Formerly classified as part of the group D Streptococcus system – is a Gram-positive, commensal bacterium inhabiting the gastrointestinal tracts of humans and other mammals.
Like other species in the genus Enterococcus, E. faecalis can cause life-threatening infections in humans, especially in the nosocomial (hospital) environment, where the naturally high levels of antibiotic resistance found in E. faecalis contribute to its pathogenicity.
E. faecalis has been frequently found in root canal-treated teeth in prevalence values ranging from 30% to 90% of the cases.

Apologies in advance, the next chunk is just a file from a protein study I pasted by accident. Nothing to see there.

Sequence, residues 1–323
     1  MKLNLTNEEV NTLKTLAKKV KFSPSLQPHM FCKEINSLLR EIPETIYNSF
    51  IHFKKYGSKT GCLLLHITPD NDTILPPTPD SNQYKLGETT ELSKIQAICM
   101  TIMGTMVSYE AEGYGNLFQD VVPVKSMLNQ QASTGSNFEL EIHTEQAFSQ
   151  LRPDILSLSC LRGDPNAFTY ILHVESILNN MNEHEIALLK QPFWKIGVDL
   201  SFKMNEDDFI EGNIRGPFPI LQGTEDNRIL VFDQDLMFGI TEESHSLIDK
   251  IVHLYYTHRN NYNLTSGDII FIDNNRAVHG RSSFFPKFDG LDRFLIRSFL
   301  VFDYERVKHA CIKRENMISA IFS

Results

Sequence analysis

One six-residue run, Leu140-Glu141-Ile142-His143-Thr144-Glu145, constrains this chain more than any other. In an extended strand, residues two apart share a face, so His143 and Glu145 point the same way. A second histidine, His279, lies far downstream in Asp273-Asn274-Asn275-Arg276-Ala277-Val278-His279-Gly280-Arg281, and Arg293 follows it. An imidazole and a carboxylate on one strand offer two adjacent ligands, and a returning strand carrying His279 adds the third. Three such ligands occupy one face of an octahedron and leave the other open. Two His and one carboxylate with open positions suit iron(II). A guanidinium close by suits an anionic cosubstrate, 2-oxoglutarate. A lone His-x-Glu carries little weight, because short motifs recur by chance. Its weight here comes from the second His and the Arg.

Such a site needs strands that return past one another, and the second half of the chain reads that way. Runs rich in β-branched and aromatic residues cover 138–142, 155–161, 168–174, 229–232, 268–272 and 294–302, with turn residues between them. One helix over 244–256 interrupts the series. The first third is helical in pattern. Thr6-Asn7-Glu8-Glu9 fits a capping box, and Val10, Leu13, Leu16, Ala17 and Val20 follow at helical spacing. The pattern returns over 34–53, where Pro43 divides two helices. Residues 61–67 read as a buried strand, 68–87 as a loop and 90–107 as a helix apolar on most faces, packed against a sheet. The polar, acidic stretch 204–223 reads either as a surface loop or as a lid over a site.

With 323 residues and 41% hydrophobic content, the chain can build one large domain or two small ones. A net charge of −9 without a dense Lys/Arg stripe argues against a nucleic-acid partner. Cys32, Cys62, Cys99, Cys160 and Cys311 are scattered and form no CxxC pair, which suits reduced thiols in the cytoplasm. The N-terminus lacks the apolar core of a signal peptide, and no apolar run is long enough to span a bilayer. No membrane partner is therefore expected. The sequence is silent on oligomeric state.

Root canal-treated teeth are about nine times more likely to harbor E. faecalis than cases of primary infections.
While this normally does not cause disease in the intestine, it can be pathogenic when infecting sites outside of the gut.
In the neurosurgical field, although rare, it can cause brain abscess, subdural empyema, discitis, osteomyelitis, and spinal epidural abscess.
They are one of the pathogens of gas-containing infections in the extremities, such as non-clostridial gas gangrene and necrotizing fascitis.